The government strengthened anti-trafficking law enforcement efforts. Law 20507 prohibits all forms of human trafficking, prescribing penalties ranging from five years and a day to 15 years’ imprisonment, plus fines, for trafficking offenses. Such penalties are sufficiently stringent and are commensurate with those prescribed for other serious crimes, such as rape. Chilean officials continued to investigate and prosecute many internal child sex trafficking cases under Article 367 of the penal code, which penalizes promoting or facilitating the prostitution of minors. Penalties for this crime range from three to five years’ imprisonment, sentences which are less than the sanctions imposed for rape, and in practice are often commuted to parole or suspended sentences.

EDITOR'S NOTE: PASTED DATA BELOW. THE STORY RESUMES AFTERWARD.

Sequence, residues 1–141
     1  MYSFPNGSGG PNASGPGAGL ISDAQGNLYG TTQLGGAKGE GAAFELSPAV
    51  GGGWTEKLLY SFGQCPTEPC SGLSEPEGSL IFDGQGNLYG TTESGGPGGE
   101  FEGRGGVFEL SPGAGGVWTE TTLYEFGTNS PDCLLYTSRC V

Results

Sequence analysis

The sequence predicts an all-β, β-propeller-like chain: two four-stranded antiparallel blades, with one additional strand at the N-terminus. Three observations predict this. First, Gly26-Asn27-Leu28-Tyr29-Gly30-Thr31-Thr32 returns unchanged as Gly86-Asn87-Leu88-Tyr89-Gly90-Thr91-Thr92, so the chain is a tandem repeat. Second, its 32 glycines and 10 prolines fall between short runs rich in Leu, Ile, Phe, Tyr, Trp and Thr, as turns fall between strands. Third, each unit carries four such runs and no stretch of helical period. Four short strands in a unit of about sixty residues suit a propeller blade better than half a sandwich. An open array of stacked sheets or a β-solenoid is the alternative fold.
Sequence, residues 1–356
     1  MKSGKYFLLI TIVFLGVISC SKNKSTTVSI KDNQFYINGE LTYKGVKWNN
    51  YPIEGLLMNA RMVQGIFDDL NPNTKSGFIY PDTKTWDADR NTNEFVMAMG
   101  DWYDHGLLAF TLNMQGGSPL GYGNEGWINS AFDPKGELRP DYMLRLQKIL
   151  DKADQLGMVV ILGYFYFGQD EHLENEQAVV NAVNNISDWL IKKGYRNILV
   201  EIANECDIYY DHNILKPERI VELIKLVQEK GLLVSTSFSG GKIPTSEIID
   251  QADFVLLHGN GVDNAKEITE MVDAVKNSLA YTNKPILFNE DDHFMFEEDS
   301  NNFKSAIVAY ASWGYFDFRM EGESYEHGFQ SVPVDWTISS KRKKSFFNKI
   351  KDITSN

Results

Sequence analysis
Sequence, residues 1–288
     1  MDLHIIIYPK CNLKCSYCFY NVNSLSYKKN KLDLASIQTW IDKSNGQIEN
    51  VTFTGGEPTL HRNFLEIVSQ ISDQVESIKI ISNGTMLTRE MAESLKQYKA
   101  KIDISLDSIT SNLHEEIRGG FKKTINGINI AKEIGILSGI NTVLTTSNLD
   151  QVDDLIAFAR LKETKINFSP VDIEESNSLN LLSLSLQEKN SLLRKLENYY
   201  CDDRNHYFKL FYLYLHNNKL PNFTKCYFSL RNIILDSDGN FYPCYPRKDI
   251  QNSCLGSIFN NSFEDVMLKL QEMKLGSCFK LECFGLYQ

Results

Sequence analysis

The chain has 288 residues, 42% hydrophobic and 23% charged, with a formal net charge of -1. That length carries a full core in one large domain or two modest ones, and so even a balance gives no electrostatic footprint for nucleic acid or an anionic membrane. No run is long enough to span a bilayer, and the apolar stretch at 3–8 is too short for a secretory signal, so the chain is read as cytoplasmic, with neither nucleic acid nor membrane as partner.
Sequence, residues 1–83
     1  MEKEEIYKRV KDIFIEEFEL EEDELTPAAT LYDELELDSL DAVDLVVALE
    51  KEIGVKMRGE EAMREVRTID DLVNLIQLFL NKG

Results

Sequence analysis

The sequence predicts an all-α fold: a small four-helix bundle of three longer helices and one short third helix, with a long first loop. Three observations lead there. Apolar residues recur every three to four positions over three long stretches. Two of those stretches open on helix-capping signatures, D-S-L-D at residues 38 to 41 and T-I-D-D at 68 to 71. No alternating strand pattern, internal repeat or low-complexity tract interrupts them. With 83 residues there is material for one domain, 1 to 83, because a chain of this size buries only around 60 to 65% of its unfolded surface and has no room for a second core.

Anti-trafficking police units opened investigations of 14 new sex trafficking and two new labor trafficking cases in 2014. Chilean prosecutors commenced 118 trafficking prosecutions in 2014; 115 involved the facilitation of the prostitution of children, while only three cases, which involved the trafficking of adults, relied on the anti-trafficking law. This represented an increase from 71 prosecutions initiated for prostitution of children in 2013 but a significant decrease in other trafficking prosecutions, as authorities had opened 18 prosecutions under the anti-trafficking law in 2013. The government convicted five traffickers for international sex trafficking under Law 20507 in 2014 and handed down 22 convictions for an unknown number of traffickers under Article 367. None of the five traffickers convicted under the anti-trafficking law were incarcerated; most received suspended sentences and fines, while one was sentenced to 600 nights in prison. Sentences for traffickers convicted under Article 367 range from 300 days to four years’ imprisonment, although most convicted traffickers were released on parole or given suspended sentences. In comparison, in 2013 authorities convicted seven sex traffickers and two labor traffickers using anti-trafficking statutes and three traffickers under Article 367. Authorities investigated a former deputy police chief for involvement in the commercial sexual exploitation of children while in office. The government did not report any prosecutions or convictions of officials complicit in human trafficking offenses. Authorities maintained mandatory anti-trafficking training in the police academy for all new detectives and published a best practices guide on anti-trafficking investigations. The government provided specialized training on trafficking to 400 government officials in 2014, including law enforcement, prosecutors, justice officials, social workers, and labor inspectors, often in partnership with NGOs and international organizations. Authorities maintained a trafficking and smuggling investigative police unit in Santiago and established a new unit in Iquique to cover cases in northern Chile. Law enforcement reported that lack of qualified interpreters hampered some trafficking investigations with foreign victims. The public prosecutor’s office maintained an internal trafficking working group.